Le Conte’s sparrow migrates north to breeding areas usually March – April. Eggs are laid from late May to early July, clutch size is 3-5 with incubation by the female, lasting 11-13 days. Foods are seeds and insects. (Www.natureserve.org 2000). Periodic burning or mowing to maintain to prevent woody encroachment will maintain suitable habitat. Because this species is secretive and occupies habitats not regularly or thoroughly censused, LeContes sparrow has low rate of detectability. Therefore, there is limited information with which to estimate abundance. Monitoring is recommended to detect presence on the Forest, and to estimate available habitat and evaluate risk to species via habitat loss or change (due to management activities).
Alternatiave 1 (No Action)

The No Action Alternative would not result in any new construction, re-construction maintenance or decommissioning of roads, or vegetative management actions or connected actions by the Forest Service. Therefore, there would be no direct effects to potential Le Conte’s sparrow habitat from the No Action Alternative. There is an existing network of roads, some useable by pick up trucks, some passable with ATVs and some accessible by foot traffic.

In this alternative there would be no opening maintenance activities on the 362 acres of upland openings in the project area. In time these openings would give way to shrubs and trees. As the open field seral stage gave way to dominance by woody plants this potential habitat component for the Le Conte’s sparrow would disappear reducing the amount of potential habitat in the project area.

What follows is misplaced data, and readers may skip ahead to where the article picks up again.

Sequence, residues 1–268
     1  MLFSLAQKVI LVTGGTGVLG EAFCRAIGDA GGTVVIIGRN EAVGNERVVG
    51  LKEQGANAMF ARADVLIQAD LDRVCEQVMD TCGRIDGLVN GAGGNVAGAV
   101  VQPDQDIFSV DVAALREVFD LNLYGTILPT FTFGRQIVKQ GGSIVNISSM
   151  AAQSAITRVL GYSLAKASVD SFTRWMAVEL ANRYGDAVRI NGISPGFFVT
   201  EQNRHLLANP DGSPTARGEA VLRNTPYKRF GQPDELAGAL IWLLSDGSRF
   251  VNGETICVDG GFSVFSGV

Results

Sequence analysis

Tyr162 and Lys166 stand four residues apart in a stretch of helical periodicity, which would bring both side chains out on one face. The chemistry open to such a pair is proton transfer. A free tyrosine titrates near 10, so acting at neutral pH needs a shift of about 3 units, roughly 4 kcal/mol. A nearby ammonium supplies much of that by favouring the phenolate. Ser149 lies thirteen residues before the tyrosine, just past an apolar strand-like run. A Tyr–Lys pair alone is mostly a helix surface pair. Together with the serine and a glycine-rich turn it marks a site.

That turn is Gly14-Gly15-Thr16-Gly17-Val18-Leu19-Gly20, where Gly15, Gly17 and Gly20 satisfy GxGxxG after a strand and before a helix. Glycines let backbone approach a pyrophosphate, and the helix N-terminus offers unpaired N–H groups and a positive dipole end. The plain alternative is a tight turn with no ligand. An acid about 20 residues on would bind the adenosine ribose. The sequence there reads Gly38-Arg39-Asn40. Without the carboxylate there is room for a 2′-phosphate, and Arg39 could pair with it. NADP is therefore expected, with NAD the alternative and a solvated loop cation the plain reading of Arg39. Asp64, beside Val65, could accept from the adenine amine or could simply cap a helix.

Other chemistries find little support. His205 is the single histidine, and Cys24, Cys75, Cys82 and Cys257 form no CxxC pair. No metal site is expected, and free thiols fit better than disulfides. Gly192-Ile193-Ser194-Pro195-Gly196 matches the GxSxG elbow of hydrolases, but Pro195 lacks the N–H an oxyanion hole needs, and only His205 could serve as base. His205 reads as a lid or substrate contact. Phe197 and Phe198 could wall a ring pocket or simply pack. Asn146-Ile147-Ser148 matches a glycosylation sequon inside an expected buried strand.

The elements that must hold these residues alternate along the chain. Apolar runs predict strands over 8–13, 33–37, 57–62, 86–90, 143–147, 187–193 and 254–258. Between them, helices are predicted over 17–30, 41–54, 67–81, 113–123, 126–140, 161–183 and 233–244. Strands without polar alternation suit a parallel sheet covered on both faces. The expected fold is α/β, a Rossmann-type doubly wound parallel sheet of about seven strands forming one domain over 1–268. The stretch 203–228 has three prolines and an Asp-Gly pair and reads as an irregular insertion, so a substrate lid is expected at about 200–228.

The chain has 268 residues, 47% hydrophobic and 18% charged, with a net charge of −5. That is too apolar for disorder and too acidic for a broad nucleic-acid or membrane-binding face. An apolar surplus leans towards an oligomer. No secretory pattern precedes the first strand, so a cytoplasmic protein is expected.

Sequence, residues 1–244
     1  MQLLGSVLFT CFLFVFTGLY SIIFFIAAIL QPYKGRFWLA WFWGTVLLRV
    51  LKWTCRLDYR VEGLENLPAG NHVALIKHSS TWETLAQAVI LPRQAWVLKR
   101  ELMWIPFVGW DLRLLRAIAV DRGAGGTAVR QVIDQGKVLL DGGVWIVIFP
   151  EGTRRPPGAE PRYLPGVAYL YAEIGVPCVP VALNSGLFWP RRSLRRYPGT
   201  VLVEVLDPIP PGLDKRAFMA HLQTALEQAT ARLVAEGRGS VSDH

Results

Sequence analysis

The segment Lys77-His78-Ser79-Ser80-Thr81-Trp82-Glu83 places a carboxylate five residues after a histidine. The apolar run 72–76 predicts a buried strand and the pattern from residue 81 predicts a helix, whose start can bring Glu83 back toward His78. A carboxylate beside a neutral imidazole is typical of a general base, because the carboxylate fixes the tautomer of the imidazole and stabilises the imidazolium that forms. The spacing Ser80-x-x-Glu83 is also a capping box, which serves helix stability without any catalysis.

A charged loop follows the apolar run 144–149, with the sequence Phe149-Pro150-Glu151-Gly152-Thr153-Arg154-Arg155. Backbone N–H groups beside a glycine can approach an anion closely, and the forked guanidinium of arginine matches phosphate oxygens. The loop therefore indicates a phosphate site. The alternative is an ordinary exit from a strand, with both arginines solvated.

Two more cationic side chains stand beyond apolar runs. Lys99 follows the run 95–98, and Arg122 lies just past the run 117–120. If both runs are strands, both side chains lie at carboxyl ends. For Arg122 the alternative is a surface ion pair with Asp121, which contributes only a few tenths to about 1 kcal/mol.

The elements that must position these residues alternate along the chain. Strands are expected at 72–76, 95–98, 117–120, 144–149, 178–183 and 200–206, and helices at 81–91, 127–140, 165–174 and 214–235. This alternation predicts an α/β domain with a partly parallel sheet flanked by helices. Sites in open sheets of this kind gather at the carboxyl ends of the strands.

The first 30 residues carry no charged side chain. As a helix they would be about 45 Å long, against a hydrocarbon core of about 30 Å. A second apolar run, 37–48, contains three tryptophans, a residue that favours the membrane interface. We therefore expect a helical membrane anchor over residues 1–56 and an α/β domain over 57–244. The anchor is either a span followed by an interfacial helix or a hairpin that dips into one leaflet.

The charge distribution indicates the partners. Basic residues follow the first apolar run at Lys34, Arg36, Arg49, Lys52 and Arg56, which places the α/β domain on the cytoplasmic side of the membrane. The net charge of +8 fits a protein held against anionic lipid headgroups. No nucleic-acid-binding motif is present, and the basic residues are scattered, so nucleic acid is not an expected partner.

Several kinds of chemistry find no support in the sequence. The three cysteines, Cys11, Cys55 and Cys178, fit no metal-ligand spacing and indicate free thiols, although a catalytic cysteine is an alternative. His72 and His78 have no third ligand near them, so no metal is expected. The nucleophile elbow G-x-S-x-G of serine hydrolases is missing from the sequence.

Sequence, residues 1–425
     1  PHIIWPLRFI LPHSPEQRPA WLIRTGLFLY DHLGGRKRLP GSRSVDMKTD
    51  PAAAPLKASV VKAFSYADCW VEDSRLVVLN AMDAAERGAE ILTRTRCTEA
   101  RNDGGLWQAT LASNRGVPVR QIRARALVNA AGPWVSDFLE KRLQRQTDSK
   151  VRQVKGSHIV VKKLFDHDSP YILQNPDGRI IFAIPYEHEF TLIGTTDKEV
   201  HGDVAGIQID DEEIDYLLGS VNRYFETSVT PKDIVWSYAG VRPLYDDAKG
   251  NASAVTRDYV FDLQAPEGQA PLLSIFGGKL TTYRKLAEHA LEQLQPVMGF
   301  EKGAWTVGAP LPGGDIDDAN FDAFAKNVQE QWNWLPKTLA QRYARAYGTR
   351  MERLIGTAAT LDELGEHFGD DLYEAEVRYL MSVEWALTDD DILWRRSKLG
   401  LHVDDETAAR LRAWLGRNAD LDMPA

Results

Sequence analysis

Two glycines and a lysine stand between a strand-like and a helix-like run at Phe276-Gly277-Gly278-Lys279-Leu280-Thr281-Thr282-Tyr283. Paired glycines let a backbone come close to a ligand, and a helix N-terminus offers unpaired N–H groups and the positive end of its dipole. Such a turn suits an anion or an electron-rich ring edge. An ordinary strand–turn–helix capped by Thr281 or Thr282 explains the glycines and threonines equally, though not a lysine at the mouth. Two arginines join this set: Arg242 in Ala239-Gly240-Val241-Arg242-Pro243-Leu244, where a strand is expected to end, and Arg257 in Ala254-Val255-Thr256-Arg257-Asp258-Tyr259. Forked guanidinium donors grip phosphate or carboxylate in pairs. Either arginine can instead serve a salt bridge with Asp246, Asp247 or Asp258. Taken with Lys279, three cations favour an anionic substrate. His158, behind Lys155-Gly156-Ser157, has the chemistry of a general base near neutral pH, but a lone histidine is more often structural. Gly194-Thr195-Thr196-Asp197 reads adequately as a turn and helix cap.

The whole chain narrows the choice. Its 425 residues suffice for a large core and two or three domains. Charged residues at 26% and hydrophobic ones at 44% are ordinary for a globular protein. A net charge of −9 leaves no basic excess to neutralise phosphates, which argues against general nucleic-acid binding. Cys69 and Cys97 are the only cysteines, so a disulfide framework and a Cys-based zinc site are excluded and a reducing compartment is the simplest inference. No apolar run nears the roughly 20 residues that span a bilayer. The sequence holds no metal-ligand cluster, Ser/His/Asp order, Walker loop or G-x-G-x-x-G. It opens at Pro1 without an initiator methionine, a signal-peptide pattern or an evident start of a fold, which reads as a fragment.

This alternative would not afffect the wetlands in the project area. The majorityof the wetlands within theproject area are classified as scrub shrub wetlands, with approximately 24 acres of sedge wetlands. The project area does not have the type of Le Conte’s sparrow sedge wetlands habitat identified in the literature.

Cumulative effects

The cumulative effects are considered at the project area scale. There is no quality habitat for the Le Conte’s sparrow in the project area. No new potential habitat for the sparrow would be created in this alternative and exisitng potential upland opening habitat would decline in quality as woody vegetation increases. There would be a small cumulative effect to potential LeConte’s sparrow habitat in the project area.


Alternative 2 (Modified Proposed Action)

This alternative proposes the following actions 1,027 acres of modified clear cutting, 256 acres of selection harvest in northern hardwood stands, 32 acres of over story removal, 309 acres of thinning, 362 acres of opening maintenance, 162 acres of under story scarification for natural conifer regeneration, and 50 acres of tag alder regeneration.